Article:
We were sitting in a work room between the theater and the lobby and were interrupted often: the stage manager, a photographer, Harry's artist wife, Wendy. Lipstein's long, lithe body outsized the folding chair, sliding this way and that in an athletic restlessness. His face is tanned and angular, framed with a thick shock of black hair. No publicist was around to control the flow of stories and this was refreshing for a seasoned reporter. At the same time I worried when I was asked if I'd like to become a "Denizen Insider?" @ $55 per year. Not a question to ask a reporter. Naive enthusiasm, I thought, and said, gently, "That would be a conflict of interest."
I got a press ticket for the second play of the season, "Adaptive Radiation," by Hannah Benitez. During my first foray into the intimate space of the theater, designed by Lipstein, who is also an accomplished architect, I was less interested in the play than the experience of watching a play in close quarters with actors and audience, "denizens" of the community as we are now called, thus Denizen Theatre, a utopian vision. The building is aesthetically pleasing, inside and out, and environmentally conscious—as little paper as possible, just a pull down screen with all the information one usually finds in a printed program, a blanket of green planted on the roof, "and insects, too," Lipstein adds. He has never written a play, but was smitten with the theater about seven years ago when his wife suggested he take an acting class. Since then, he's acted, directed and opened two black-box theaters, the first in Sarasota, Florida where he has a second home. That explains the winter tan.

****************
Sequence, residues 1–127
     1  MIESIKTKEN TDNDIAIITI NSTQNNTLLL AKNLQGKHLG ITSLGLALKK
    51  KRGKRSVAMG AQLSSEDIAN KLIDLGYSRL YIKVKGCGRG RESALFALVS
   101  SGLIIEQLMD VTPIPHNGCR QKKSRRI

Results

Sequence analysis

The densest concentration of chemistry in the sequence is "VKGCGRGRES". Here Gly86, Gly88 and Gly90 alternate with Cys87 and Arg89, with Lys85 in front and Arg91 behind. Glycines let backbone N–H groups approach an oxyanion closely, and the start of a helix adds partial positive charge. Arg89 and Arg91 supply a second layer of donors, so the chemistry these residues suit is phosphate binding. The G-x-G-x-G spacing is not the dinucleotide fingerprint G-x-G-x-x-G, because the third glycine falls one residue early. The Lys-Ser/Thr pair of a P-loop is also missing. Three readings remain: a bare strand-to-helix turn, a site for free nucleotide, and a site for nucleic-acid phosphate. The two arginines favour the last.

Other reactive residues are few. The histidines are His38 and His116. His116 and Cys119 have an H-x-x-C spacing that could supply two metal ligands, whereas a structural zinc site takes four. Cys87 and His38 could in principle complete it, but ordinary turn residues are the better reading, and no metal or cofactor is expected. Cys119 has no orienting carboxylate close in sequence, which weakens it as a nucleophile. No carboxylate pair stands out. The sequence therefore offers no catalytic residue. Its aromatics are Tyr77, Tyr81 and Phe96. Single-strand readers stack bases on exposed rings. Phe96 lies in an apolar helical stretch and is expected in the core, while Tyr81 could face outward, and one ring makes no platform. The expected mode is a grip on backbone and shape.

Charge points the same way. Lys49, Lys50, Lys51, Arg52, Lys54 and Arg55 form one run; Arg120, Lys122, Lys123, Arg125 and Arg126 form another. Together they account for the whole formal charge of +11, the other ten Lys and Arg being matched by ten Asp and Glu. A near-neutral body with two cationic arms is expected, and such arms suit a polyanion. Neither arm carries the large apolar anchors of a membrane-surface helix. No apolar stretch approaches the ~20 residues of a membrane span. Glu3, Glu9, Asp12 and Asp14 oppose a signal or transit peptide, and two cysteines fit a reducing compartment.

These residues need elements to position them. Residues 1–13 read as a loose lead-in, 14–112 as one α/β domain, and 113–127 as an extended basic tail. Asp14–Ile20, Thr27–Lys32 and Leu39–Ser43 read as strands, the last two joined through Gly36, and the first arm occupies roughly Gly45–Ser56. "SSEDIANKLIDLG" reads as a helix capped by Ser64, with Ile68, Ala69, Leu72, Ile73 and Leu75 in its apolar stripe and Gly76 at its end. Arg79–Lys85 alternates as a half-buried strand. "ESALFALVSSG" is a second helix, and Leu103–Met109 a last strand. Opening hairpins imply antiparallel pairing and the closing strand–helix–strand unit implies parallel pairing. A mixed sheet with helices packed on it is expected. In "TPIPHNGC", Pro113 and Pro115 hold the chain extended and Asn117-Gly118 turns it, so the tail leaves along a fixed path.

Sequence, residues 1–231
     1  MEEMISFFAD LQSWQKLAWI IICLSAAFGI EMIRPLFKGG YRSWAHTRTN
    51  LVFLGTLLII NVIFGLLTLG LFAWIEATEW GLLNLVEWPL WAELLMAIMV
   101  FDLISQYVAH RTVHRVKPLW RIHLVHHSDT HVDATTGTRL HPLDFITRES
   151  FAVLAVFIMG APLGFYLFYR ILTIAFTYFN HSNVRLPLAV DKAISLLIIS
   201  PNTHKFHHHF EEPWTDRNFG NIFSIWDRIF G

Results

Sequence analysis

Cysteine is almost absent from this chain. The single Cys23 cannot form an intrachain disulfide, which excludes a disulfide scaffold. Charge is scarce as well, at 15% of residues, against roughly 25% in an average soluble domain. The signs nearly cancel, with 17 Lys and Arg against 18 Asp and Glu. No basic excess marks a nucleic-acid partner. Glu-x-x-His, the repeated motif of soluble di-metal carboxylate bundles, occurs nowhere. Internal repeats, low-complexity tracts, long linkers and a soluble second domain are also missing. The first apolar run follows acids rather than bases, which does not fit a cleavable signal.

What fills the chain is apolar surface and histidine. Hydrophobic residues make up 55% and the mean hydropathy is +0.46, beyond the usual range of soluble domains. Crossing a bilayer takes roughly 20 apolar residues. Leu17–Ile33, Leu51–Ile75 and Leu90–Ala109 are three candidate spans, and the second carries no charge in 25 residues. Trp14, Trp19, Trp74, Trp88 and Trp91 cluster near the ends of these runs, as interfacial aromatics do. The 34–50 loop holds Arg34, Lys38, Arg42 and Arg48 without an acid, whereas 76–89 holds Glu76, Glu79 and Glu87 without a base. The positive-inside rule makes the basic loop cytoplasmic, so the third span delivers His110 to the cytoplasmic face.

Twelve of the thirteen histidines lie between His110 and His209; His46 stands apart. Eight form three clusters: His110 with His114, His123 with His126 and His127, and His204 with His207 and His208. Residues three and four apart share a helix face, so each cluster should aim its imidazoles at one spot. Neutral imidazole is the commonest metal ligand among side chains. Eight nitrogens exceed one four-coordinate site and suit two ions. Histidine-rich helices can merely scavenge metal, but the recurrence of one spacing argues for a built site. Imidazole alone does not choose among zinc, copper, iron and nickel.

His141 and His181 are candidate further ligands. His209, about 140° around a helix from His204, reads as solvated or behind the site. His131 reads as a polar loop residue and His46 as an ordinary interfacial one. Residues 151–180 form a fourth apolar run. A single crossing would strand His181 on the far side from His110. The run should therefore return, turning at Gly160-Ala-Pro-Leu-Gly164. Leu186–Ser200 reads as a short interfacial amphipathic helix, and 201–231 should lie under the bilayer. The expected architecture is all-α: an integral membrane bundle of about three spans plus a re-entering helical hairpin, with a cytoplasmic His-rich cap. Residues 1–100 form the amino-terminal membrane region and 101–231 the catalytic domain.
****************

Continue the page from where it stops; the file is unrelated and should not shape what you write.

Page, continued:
"In life, most of us play personas," he says earnestly. "Very little of our life is spent in truth—it happens with loved ones—not as much as we want. Actors that are vulnerable, give a part of themselves, regardless of the role..." He drifts off, taking a breath, closing his eyes.
My appreciation of Harry Lipstein deepened at an event in the lobby of the theater a few days later which he hosted with his two thirty-something co-artistic directors, Ben Williamson and Brittany Poira, both MFA graduates from Florida State University. They are engaging, social media savvy, gracious , friendly and as energetic as Lipstein, or perhaps he is as energetic as them. The father of four grown children—two boys and two girls—it seems that the theater is yet another family Lipstein has created and nurtured, the perfect antidote to his own, long-ago lost family. But perhaps I am interpreting too much and the theater is just a theater. Either way, it's obvious that Lipstein loves what he is doing, that his effort is sincere.
It was a gracious, pleasant evening, painted guitars hanging on the walls above our heads, a thematic curation inspired by the third and final play of the season, "The Arsonists," by noted playwright, Jacqueline Goldfinger. I arrived for the dress rehearsal on a frigid and squally night as the play's fire roared. The space had been reconfigured and the set was compelling. My first thought was that it must have been expensive.
The continuing success of regional theater depends on many things: solid, interesting plays (contemporary, classic, or classic reimagined), good actors, a committed local audience, but, most of all, money. The economics of live theater production are daunting; the first three plays at Denizen cost more than $90,000 to produce and the artistic co-directors do not, as yet, even have medical benefits. Workers need to be sustained also, of course, especially if they are not native to the area. Young people move on easily, and a life in the theater is, by definition, peripatetic. When I asked Brittany about medical benefits she said, "We're working on it."
In this era of searing cutbacks in arts funding, New Paltz is blessed with a wealthy, caring benefactor. Let us hope that Denizen Theatre becomes both financially viable and well integrated into the community in the months ahead. We need it.